“Hotel Transylvania” Uses Comedy to Elaborate on Life in a Single Parent Household: A Synopsis


Hotel Transylvania is a comedy directed by Gennedy Tartakovsky and produced by Michelle Murdocca. Voice Actors Selena Gomez (Mavis), Adam Sandler (Dracula “Drac”), Andy Samburg (Jonathan), Kevin James (Frankenstien), and many others band together to create a film about: loss, growing up, love, and learning to let go. However, Hotel Transylvania is not an incredibly sad film on the contrary, it uses comedy and extremely relate-able scenarios for all ages to convey it’s very important yet lighthearted message.

The film opens with a spooky misleading atmosphere where we see Dracula in route to a large castle in the middle of the night. The scene shows a classical monster motif where Dracula is leaned over a crib looking as though he might pray on a young child, we soon find out it is his own daughter. Dracula has become a widow. Alone and armed with a promise to always keep his daughter safe and a goal to bring his wife’s dream to life, he sets to work on building a fortress of sorts. What is this fortress? A monster only hotel that is seemingly impenetrable to humans, it becomes a wonderful place to raise his daughter, keep her safe, and continue his wife’s dream of one day opening a resort.

The hotel appears to have popped up over night and the film cuts to a montage of Dracula learning how to be a single father. This scene is quite comedic and is something adult viewers can understand. Unlike most humans however, Dracula has magic to help him along. We see him reluctantly changing diapers, happily reading bedtime stories about “evil humans”,  teaching young Mavis to fly, and feeding her yummy foods.

Hotel Transylvania (Official Trailer) Credited YouTube and Fandango “MovieClips”

In the above video clip we see Dracula building his new fortress, and caring for young Mavis.

Dracula soon gets regular guests and sees old friends that become a pseudo family for he and young Mavis. Many are introduced in a family friendly manner. Frankenstein and his wife, Eunice are transported via shipping containers because Frank is afraid to fly. He even has to be reassembled upon entry at the hotel. The Wolf-man and his wife also express a great level of relate-ability. They struggle with getting the amount of rest needed with a few litters of extremely hyper pups to care for. With the pups often biting, howling, ruining everything in their path, and eating everything in sight they become very expensive. Something any parent watching the film can relate to. Other “family members” include: The Invisible Man, The Mummy, Blobby, and a couple of gremlins to boot. All watch over Mavis and celebrate birthdays and holidays with the “Draculas”, something that is common even in human households after death of a spouse.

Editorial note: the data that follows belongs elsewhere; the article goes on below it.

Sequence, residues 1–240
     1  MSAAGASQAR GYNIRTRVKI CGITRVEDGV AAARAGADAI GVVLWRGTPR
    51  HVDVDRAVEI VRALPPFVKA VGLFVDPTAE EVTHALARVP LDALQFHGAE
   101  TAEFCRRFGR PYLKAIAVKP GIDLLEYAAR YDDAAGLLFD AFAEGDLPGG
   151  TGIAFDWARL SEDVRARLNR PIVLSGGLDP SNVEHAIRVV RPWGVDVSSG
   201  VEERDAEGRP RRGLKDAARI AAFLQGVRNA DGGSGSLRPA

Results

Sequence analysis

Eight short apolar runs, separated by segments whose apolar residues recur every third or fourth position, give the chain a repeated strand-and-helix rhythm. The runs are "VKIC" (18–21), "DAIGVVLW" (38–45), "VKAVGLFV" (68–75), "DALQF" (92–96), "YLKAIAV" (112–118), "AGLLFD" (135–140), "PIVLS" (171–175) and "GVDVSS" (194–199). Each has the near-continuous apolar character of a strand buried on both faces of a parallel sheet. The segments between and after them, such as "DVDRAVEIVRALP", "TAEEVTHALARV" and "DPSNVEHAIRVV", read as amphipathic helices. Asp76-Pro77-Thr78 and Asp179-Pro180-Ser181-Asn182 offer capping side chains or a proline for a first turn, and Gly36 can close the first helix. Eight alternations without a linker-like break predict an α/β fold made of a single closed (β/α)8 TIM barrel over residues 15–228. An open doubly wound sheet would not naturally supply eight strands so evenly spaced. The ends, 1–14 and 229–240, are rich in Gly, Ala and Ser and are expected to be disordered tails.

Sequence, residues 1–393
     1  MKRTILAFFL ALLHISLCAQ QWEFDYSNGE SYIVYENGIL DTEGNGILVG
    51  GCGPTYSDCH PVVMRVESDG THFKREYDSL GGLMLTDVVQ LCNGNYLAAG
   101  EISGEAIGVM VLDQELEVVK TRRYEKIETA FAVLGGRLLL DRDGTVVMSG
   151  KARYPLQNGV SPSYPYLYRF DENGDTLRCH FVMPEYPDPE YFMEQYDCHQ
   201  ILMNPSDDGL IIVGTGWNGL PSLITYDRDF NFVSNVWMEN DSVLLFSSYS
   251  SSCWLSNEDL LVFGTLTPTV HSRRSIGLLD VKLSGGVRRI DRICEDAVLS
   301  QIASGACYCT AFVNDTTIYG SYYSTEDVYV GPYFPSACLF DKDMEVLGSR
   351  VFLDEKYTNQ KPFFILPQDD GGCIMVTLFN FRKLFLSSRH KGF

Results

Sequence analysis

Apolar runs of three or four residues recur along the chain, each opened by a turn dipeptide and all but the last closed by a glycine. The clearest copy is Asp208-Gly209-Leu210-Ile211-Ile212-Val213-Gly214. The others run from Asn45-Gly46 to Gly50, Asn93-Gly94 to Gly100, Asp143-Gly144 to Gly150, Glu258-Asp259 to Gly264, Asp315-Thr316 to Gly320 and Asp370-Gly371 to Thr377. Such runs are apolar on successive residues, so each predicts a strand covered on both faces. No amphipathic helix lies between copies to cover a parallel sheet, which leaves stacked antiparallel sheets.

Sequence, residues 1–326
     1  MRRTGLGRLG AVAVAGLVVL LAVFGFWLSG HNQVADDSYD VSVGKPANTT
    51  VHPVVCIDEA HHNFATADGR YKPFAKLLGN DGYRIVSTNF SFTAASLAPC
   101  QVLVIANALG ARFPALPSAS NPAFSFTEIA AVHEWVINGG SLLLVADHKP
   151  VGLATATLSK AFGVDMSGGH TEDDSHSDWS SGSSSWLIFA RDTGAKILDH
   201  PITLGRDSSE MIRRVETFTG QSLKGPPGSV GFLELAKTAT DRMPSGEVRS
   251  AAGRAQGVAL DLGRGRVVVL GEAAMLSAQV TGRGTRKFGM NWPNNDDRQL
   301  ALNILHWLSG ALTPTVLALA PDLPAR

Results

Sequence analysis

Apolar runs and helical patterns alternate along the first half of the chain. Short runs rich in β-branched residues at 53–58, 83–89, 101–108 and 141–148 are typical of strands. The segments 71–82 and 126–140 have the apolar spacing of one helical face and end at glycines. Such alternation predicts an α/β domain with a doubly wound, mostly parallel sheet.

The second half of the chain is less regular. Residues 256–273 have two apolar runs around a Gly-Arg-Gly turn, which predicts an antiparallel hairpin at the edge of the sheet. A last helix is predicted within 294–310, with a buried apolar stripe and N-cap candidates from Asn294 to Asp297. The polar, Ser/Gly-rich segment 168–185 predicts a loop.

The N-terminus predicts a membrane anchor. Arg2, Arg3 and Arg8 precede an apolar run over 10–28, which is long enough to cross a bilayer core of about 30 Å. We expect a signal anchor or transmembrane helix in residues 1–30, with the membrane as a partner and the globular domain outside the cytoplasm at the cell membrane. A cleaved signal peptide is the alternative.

All seems perfect until Mavis starts to grow up, Dracula experiences very high anxiety over this on his “little girl’s 118th birthday Dracula promised to let her go out into the “human world” and experience things for herself. He lets her go and Mavis extremely excited flies off to get a taste of independence. However, Dracula was not completely honest with Mavis. Due to his extreme fear of humans (we later find they killed his wife) he feels he has no other choice, but to keep her as far way from them as possible. So he tells her she may visit a small human village near by (one that unbeknownst to Mavis was created by her father specifically to frighten her). She returns from her big trip crying exclaiming how her father was “right” and the humans really were awful even though she tried to be nice to them. This for a short moment seems to sadden Dracula, but then he realizes his plan worked, or so he thought.


By lying to his daughter, Dracula created a butterfly effect. The fire that was set in the “Human Village” made the castle visible to humans for a moment. This is something Dracula was warned about prior to building. However Drac’s lie caused a human named Jonathan to find his way into the hotel. To keep Jonathan from compromising Drac’s reputation, he is made to look like a Frankenstein’s monster. This in turn creates an even larger web of lies, Drac lies to his daughter again, Frankenstein, and most of his hotel guests for a majority of the film.

To read more about the consequences of Dracula’s lies see : Are White Lies Really Harmless?